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property, and several shares in iron works. To Augustine, the second son by the first marriage, the old homestead and estate in Westmoreland. The children by the second marriage were severally well provided for, and George, when he became of age, was to have the house and lands on the Rappahannock.
marriage of Lawrence He now gave up all settled himself on his
In the month of July the with Miss Fairfax took place. thoughts of foreign service, and estate on the banks of the Potomac, to which he gave the name of MOUNT VERNON, in honor of the admiral.
Augustine took up his abode at the homestead on Bridges Creek, and married Anne, daughter and coheiress of William Aylett, Esquire, of Westmoreland County. George, now eleven years of age, and the other children of the second marriage, had been left under the guardianship of their mother, to whom was intrusted the proceeds of all their property until they should severally come of age. She proved herself worthy of the trust. Endowed with plain, direct good sense, thorough conscientiousness, and prompt decision, she governed her family strictly, but kindly, exacting deference while she inspired affection. George, being her eldest son, was thought to be her favorite, yet she never gave him undue preference, and the implicit deference exacted from him in childhood continued to be habitually observed by him to the day of her death. He inherited from her a high temper and a spirit of command, but her early precepts and example taught him to restrain and govern that temper, and to square his conduct on the exact principles of equity and justice.
Tradition gives an interesting picture of the widow, with her little flock gathered round her, as was her daily wont, reading to them lessons of religion and morality out of some standard work. Her favorite volume was Sir Matthew Hale's Contemplations, moral and divine. The admirable maxims therein contained, for outward action as well as self-government, sank deep into the mind of George, and, doubtless, had a great influence in forming his character. They certainly were exemplified in his conduct throughout life. This mother's manual, bearing his mother's name, Mary Washington, written with her own hand, was ever preserved by him with filial care, and may still be seen in the archives of Mount Vernon. A precious document! Let those who wish to know the moral foundation of his character consult its pages.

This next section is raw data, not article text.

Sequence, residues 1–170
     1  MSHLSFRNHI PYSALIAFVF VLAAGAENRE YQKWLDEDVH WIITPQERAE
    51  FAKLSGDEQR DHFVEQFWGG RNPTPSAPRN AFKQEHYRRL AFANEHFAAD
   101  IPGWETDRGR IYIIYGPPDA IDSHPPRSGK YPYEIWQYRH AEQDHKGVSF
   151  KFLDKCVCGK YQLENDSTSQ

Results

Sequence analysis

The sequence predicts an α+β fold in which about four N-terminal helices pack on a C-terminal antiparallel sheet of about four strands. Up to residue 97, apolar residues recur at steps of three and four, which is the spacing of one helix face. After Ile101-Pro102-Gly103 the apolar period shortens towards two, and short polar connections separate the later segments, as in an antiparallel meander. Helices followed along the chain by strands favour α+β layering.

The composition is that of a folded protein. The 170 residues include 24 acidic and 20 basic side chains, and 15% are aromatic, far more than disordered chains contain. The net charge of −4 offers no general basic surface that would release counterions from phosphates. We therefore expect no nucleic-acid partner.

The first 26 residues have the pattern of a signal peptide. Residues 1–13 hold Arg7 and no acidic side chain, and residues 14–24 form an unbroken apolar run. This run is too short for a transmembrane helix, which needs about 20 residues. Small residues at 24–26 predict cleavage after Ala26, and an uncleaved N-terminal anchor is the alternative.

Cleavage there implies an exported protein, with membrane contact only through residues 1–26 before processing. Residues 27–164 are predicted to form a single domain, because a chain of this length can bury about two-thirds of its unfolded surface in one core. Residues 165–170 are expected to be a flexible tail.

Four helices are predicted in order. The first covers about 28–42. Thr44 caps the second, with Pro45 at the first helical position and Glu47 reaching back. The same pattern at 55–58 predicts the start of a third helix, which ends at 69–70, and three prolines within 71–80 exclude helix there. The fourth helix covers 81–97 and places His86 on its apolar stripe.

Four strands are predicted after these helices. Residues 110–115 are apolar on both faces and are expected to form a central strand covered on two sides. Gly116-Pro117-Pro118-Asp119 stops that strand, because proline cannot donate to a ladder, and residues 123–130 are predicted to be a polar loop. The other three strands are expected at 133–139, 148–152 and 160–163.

Having no longer the benefit of a father's instructions at home, and the scope of tuition of Hobby, the sexton, being too limited for the growing wants of his pupil, George was now sent to reside with Augustine Washington, at Bridges Creek, and enjoy the benefit of a superior school in that neighborhood, kept by a Mr. Williams. His education, however, was plain and practical. He never attempted the learned languages, nor manifested any inclination for rhetoric or belleslettres. His object, or the object of his friends, seems to have been confined to fitting him for ordinary busiHis manuscript school books still exist, and are models of neatness and accuracy. One of them, it is true, a ciphering book, preserved in the library at Mount Vernon, has some school-boy attempts at cali